21.   Plaintiff asserts in passing that if Defendant's claim for overpayment is allowed to proceed, then Plaintiff's claim based on the August 20, 2008 modification should also be permitted. Specifically, Plaintiff argued below that Defendant provided no consideration for the price concession and in fact achieved it by duress. Even if Plaintiff's passing reference sufficiently raises this argument on appeal, we readily dispose of Plaintiff's claim. As the district court explained:[Plaintiff's] argument is not persuasive. The consideration provided by [Defendant] was that it agreed to accept the barrels containing less emu oil, and “the mere fact that a person enters into a contract as a result of the nature of business circumstances, financial embarrassment, or economic necessity is not sufficient [for a claim of duress].” A-T-O, Inc. v. Stratton & Co., Inc., 486 F. Supp. 1323, 1325 (N.D. Ga. 1980).

22.   There are other problems with relying on Sengoku. For example, in that opinion, the Ninth Circuit explained that in a trademark-ownership dispute between a manufacturer and distributor, the manufacturer is entitled to a presumption of ownership. Id. at 1220. To track Sengoku's analysis, the district court was forced to assign the titles of “manufacturer” and “distributor” to Plaintiff and Defendant. The district court concluded that Defendant “is more deserving” of the presumption and should therefore be designated the “manufacturer.” Even if this is true, it makes no sense to label Plaintiff a “distributor.”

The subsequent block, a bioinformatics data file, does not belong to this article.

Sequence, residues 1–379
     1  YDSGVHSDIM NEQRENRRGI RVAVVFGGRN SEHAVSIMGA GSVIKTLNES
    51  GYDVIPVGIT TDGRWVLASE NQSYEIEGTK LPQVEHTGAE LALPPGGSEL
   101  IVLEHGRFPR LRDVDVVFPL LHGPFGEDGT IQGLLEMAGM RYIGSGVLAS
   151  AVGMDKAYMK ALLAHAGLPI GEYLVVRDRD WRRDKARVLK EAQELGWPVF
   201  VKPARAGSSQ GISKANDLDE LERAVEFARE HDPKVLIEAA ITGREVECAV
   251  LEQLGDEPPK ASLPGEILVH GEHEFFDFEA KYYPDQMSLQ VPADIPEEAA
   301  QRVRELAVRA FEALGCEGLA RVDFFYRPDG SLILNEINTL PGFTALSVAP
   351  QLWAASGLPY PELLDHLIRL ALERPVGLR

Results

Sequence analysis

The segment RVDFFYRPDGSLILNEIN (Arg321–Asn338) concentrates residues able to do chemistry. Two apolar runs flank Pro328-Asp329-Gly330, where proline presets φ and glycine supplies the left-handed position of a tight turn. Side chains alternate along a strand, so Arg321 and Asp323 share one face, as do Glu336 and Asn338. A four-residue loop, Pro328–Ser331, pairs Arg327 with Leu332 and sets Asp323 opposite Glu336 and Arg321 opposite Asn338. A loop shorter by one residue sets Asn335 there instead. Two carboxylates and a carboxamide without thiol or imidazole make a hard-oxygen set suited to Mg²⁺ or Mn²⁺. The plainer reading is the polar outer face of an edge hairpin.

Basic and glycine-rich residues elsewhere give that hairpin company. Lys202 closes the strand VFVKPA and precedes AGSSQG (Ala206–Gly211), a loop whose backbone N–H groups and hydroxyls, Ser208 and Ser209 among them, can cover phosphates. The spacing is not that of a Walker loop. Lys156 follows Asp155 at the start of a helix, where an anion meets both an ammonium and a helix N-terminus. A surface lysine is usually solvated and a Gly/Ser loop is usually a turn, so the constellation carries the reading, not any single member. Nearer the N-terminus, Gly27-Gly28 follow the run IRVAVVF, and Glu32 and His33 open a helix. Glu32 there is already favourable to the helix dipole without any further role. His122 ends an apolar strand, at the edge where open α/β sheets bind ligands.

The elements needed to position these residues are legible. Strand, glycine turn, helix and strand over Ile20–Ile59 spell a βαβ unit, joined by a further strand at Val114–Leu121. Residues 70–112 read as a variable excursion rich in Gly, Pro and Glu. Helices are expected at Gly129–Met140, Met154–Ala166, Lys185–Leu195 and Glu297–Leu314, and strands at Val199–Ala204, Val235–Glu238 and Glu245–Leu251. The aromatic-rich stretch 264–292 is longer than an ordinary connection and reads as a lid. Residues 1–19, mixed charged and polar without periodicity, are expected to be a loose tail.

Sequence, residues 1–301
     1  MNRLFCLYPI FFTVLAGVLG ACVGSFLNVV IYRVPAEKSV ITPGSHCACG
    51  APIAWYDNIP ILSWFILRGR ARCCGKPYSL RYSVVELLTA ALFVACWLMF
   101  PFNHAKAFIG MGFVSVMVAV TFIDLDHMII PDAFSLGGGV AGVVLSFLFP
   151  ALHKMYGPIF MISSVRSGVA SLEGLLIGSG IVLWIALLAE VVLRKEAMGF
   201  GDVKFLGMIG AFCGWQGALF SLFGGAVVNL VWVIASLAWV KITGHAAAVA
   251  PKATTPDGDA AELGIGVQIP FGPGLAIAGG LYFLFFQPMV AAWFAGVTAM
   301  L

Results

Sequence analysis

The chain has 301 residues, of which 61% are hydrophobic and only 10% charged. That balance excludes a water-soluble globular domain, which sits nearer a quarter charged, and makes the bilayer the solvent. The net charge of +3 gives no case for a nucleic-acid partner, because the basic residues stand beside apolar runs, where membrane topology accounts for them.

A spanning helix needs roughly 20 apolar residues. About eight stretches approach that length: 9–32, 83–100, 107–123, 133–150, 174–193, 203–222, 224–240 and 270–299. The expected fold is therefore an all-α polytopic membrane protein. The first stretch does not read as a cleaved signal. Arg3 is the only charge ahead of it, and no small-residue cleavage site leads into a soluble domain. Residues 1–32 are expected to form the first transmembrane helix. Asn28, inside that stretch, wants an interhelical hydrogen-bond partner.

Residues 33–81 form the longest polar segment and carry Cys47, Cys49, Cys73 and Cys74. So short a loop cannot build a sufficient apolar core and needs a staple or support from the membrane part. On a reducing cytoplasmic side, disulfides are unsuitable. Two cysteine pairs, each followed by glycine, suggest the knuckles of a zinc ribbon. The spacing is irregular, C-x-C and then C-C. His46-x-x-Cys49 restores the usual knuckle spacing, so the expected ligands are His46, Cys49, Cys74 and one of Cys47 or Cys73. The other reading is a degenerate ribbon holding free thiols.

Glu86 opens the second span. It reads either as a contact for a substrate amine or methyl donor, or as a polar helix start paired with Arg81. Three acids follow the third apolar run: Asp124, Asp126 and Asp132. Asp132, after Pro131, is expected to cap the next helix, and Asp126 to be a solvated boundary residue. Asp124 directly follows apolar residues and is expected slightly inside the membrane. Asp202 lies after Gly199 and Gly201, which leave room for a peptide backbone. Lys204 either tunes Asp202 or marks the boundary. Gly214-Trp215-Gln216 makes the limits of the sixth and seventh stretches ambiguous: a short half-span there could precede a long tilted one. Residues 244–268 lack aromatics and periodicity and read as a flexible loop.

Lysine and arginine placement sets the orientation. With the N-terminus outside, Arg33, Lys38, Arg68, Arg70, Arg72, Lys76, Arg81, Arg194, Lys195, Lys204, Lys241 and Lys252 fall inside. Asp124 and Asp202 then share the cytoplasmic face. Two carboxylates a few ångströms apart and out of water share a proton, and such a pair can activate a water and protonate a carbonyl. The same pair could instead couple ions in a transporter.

23.   For example, the district court considered both the Letter of Intent and the Agreement. Because both these contracts were executed after filing, they should not inform an analysis of Plaintiff's rights when Defendant applied for registration.

24.   In Bonner v. City of Prichard, 661 F.2d 1206 (11th Cir. 1981) (en banc), this Court adopted as binding precedent all decisions that the former Fifth Circuit had handed down before the close of business on September 30, 1981. Id. at 1209.

25.   As explained above, on remand, the district court should rule on whether Plaintiff can proceed on its claim for unpaid royalties for sales of six-ounce bottles of Blue Emu.

JULIE CARNES, Circuit Judge: